A crucial vote
The political future of Germany’s vice chancellor may hinge on the outcome of a vote next week by his Social Democrats (SPD) over whether to back a trade deal between the EU and Canada.
SPD leader Sigmar Gabriel has championed the Comprehensive Economic Trade Agreement (CETA) as part of his remit as economy minister.
His centre-left party is understood to be keen to prove its business credentials.
CETA vs TTIP
Sigmar Gabriel ruffled feathers last month when he said talks on the Transatlantic Trade and Investment Partnership (TTIP) had “de facto” failed.
However, he views CETA, due to be signed by Brussels and Ottawa next month prior to full ratification by EU member states’ parliaments, as a chance for the West to set new standards for trade deals and act as a counter-weight to China’s economic might.
What do the critics say?
They are sceptical about the benefits of both deals.
Some think it would give multinational companies greater access to European markets without creating jobs.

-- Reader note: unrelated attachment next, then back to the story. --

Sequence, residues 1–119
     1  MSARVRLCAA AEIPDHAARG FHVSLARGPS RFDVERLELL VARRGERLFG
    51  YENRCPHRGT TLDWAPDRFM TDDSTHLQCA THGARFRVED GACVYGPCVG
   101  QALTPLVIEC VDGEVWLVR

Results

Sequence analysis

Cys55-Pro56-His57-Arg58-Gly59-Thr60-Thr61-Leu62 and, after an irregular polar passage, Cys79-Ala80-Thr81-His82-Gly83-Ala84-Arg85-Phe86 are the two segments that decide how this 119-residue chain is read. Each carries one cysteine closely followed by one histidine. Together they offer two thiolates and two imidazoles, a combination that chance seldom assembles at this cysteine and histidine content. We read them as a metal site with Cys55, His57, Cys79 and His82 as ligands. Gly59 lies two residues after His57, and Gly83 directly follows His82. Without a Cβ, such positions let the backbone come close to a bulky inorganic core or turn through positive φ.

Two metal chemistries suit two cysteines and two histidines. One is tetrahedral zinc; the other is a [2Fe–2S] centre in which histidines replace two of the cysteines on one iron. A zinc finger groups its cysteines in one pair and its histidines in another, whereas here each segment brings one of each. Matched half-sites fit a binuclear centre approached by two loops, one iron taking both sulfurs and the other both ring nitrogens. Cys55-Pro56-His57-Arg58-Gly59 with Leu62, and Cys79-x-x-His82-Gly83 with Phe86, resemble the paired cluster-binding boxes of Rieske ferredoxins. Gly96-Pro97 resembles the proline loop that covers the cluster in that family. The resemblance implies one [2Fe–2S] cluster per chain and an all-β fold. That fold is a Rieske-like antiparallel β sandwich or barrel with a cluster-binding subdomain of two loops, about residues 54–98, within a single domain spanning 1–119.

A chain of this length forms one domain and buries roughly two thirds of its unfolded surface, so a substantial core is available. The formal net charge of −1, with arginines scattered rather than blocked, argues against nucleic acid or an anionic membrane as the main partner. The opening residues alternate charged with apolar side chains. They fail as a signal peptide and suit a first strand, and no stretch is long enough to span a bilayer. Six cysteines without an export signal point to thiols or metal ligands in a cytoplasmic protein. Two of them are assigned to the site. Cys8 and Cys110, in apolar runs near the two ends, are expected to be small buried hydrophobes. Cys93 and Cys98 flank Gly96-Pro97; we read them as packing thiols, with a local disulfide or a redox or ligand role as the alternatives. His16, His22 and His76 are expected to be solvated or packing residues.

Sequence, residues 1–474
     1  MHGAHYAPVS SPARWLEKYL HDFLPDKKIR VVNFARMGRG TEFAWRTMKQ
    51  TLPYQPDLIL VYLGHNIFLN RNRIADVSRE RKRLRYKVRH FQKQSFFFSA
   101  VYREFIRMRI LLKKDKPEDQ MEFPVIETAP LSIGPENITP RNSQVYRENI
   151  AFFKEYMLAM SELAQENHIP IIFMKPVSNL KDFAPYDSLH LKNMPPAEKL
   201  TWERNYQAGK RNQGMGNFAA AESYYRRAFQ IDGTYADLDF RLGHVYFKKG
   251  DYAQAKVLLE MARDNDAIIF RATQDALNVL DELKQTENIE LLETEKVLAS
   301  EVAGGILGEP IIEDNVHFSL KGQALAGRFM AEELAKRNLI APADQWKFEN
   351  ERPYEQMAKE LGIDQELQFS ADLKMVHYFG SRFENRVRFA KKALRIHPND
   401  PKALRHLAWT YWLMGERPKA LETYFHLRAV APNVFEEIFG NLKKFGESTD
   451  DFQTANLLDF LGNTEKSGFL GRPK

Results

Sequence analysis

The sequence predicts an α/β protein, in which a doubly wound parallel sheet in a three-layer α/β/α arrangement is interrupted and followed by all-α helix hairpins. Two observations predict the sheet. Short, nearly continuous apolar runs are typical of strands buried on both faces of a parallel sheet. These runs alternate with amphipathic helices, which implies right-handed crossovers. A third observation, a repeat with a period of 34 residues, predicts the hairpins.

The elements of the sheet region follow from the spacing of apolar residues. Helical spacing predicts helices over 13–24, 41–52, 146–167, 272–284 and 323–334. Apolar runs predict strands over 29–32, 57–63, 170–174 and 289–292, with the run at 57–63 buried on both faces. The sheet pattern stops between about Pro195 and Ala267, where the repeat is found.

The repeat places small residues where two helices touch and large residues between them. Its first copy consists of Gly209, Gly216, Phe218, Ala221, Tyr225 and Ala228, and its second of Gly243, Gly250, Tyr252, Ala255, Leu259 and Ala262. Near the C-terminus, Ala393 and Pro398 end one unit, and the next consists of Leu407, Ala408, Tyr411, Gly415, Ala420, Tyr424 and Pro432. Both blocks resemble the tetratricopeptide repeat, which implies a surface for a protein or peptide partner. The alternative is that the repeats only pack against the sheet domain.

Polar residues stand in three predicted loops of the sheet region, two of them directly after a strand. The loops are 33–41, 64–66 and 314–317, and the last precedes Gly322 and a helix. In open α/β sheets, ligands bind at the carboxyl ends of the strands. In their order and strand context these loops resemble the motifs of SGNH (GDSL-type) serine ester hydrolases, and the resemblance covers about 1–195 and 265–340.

Vote due on Monday
Delegates at Monday’s SPD convention will vote on the CETA accord.
A failure to win a majority in favour could scupper Gabriel’s chances of standing as the party’s candidate for chancellor in national elections next year.
Analysts say it could also unleash a dangerous power struggle within the party.
The SPD is the junior partner in the coalition government led by Chancellor Angela Merkel’s conservatives.
Analysts say rejecting the CETA could further upset the balance within the coalition.
Merkel is looking to the SPD to counter a growing rift between her CDU party and its conservative CSU allies in Bavaria over her refugee policy.
They say a majority SPD vote in favour of CETA would give Gabriel a much-needed shot-in-the-arm.
Protests crank up the pressure
Opponents of CETA and TTIP organised demonstrations against both agreements in seven cities across Germany on Saturday.
The organisers expected more than 250,000 to attend.
What they are saying
“If he loses the vote and if he decided to step down on the back of it, then there will be chaos,” – Gero Neugebauer, Berlin Free University.